JFP 8/29: Afghan govt scuttled US-Taliban talks

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August 29, 2011

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I) Actions and Featured Articles

*Action: Tell Congress: $200 Billion In "Real Savings" If We End the Wars "On Time"
Most Americans don't realize that the Super Committee can reach 1/6 of its debt reduction goal just by withdrawing U.S. troops from Iraq and Afghanistan when we said we were going to. Urge your representatives in Congress to make this part of any debt reduction deal.
http://www.justforeignpolicy.org/act/endwarsontime

Video: Ashley Joppa-Hagemann: My Husband Killed Himself to Avoid Deployment to Afghanistan
Ashley Joppa-Hagemann tells her story. Her husband had PTSD. She says it would have been his 9th deployment; the military said it would have been his 7th.
http://blip.tv/toddfboyle/state-of-the-soldier-tacoma-4-of-5-ashley-joppa-hagemann-5495267

Council on Hemispheric Affairs: The U.S. Whitewashes Panama's Fatal Flaws to Champion Its "Free Trade" Agreement
Carrie Burggraf argues that the U.S. should be in no rush to push through a trade agreement with Panama, given the country's unresolved status as a tax haven and other unaddressed concerns.
http://www.coha.org/the-u-s-whitewashes-panama%E2%80%99s-fatal-flaws-to-champion-their-free-trade-agreement/

Matthew Hoh at City Club Forum This Week
Afghanistan Study Group director Matthew Hoh - who resigned from the Foreign Service in protest of the continuing war in Afghanistan - was the speaker last Friday in the City Club Forum. This program is broadcast on many NPR affiliates, at various times - check your local station's website for local time.

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II) Summary:
U.S./Top News
1) The Afghan government intentionally leaked details of clandestine meetings between the US and the Taliban, scuttling the talks and sending the Taliban intermediary into hiding, AP reports. Collapse of the direct talks between Tayyab Aga and U.S. officials probably spoiled the best chance yet at reaching Mullah Mohammed Omar, considered the linchpin to ending the fighting, AP says. The release of U.S. Army Sgt. Bowe Bergdahl, captured more than two years ago in Afghanistan, featured prominently in the talks. Aga sought the freedom of Taliban prisoners in Guantanamo and Bagram. A senior U.S. official said the U.S. would continue to pursue talks.

A former U.S. official said the loss of the Aga contact dismayed and angered the U.S. side, AP says. Several U.S. officials agreed the leak was an attempt to torpedo a diplomatic channel that Karzai and his inner circle worried would sideline and undercut the Afghan leader.

2) Some Republican lawmakers and analysts are seizing upon the Pentagon's finding that China is "closing the gap" with other militaries to criticize the Obama administration's plans to pare U.S. defense spending, The Hill reports. "There is no question that China is rapidly closing the technology gap and striving to challenge the United States' military prowess - there is a question, though, of whether the United States will simply cede its global and military leadership role to a nation with uncertain intentions, but known disregard for human rights, basic freedoms, and democratic institutions," said Rep. Randy Forbes, chair of the House Armed Services subcommittee on Readiness.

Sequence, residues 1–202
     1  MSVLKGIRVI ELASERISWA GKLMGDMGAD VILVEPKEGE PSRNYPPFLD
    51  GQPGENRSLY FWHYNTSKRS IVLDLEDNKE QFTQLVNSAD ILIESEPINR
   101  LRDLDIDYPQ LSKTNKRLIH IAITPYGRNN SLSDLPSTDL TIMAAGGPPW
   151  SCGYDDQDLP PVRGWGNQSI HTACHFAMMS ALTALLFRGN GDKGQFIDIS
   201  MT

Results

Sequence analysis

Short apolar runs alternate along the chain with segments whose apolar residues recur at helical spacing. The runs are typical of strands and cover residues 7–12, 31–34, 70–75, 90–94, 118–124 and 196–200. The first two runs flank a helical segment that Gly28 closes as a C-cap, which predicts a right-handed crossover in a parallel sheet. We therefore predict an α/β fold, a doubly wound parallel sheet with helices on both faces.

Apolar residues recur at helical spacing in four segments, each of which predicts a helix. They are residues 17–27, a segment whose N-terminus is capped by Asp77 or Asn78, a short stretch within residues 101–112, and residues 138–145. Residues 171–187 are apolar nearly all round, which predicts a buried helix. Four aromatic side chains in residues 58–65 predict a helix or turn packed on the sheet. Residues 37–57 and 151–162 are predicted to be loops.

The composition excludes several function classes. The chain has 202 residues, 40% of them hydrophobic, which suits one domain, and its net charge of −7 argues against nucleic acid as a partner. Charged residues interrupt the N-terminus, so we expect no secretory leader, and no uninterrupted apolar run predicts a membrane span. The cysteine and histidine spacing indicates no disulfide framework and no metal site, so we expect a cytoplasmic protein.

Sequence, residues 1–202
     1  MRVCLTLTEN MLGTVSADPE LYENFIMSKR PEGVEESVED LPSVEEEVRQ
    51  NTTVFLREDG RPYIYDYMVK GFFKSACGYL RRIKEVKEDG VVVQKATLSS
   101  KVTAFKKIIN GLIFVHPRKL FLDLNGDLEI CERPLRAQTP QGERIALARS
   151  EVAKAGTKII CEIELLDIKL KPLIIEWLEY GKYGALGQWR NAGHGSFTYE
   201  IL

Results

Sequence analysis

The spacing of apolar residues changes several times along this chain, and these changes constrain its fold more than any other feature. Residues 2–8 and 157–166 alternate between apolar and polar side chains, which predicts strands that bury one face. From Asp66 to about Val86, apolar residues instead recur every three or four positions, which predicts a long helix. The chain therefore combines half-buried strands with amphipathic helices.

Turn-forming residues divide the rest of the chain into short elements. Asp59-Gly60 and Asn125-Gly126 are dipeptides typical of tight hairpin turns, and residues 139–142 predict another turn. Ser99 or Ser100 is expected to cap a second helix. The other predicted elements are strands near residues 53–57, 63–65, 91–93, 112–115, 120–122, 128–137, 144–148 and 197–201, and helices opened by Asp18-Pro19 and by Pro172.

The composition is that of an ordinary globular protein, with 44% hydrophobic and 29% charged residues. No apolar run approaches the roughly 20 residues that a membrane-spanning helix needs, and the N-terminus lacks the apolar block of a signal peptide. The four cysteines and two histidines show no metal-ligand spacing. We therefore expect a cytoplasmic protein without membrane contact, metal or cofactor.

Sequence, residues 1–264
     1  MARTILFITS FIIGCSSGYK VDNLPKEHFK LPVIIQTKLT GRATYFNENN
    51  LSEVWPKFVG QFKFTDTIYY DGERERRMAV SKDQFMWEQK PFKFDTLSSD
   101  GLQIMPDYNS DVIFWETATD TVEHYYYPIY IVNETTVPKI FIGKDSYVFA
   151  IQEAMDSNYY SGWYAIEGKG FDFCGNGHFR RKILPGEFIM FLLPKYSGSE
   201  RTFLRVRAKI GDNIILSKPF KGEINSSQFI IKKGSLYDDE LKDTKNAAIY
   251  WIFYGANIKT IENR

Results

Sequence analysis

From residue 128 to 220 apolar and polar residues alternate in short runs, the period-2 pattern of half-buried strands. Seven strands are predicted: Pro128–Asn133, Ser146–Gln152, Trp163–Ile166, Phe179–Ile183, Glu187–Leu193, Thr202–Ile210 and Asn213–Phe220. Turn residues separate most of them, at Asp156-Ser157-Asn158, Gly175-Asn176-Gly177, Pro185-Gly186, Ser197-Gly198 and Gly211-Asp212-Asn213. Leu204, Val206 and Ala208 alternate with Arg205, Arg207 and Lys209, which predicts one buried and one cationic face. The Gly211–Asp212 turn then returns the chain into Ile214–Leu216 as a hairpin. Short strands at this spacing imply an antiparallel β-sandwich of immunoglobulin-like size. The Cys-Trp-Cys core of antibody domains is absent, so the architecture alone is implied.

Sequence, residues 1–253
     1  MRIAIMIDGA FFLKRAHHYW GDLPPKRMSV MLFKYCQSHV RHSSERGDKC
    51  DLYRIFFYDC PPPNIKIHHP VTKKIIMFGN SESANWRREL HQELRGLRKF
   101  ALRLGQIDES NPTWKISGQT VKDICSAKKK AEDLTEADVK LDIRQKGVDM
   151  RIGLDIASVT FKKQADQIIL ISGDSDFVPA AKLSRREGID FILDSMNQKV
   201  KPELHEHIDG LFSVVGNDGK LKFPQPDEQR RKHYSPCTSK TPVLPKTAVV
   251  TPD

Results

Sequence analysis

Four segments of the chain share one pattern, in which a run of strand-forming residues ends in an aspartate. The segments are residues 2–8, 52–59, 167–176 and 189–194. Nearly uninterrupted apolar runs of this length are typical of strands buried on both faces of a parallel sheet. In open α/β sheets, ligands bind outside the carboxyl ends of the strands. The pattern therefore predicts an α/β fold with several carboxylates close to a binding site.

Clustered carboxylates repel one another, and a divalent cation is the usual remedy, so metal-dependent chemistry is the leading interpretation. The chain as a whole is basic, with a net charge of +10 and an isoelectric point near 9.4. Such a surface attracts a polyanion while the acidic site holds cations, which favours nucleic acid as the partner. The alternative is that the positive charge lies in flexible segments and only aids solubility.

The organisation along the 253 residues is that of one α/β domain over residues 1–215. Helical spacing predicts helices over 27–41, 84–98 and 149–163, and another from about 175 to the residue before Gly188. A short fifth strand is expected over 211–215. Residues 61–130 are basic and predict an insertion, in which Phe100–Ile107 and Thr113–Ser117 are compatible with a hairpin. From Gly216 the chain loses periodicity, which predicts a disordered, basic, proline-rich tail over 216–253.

3) An August 2005 U.S. diplomatic cable released by WikiLeaks shows how aggressively the U.S. was promoting privatization in Haiti under the unelected government that followed the 2004 coup, Ansel Herz reports. US Ambassador to Haiti James Foley bemoaned the possibility that the interim government might not carry out any privatizations before handing power to an elected government, and insisted that privatizations be made a requirement of any agreement between Haiti and the IMF or the World Bank [an insistence that the U.S., as the dominant player in these institutions, would be well-positioned to enforce - JFP.]

4) Writing in The Hill, retired Brig. Gen. John Adams argues that the debt debate is an opportunity to reign in out-of-control military spending and re-think what is needed for national security. Further nuclear arms reductions would free up resources. Though the Pentagon is entitled to a vote on what constitutes U.S. national security, it cannot be allowed to hijack the debate. End the folly of self-destructive unilateral wars that undermine our nation's security. End our military involvement in Iraq on schedule, at the end of 2011, rather than wheedling the Iraqis to allow US troops to remain.

5) The State Department argued in a final environmental impact statement that a pipeline that would greatly expand imports of oil sands crude from Canada won't have much impact on climate change, McClatchy reports. The assessment argued that Canada will find another way to export just as much if the pipeline is not approved. However, McClatchy notes, a proposed Canadian pipeline to a port on the Pacific has been hotly protested in Canada and so far is blocked. After a series of upcoming public hearings, the Obama administration will make a final decision about whether the pipeline is in the national interest.

Libya
6) Gaddafi loyalists have been targets of apparent extrajudicial killings in Tripoli, the Washington Post reports. Those deaths call into question whether the rebels will break with Gaddafi's blood-soaked style of governance or merely mimic it, the Post says. "In Tripoli, we are seeing the same pattern in recent days that we saw earlier in the east," said Diana Eltahawy, Libya researcher for Amnesty International. She described a record of abuse, torture and the extrajudicial killing of captured pro-Gaddafi fighters that has followed the rebels from east to west as they have taken over the country. The worst treatment of Gaddafi loyalists appeared to be reserved for anyone with black skin, whether they hailed from southern Libya or from other African countries.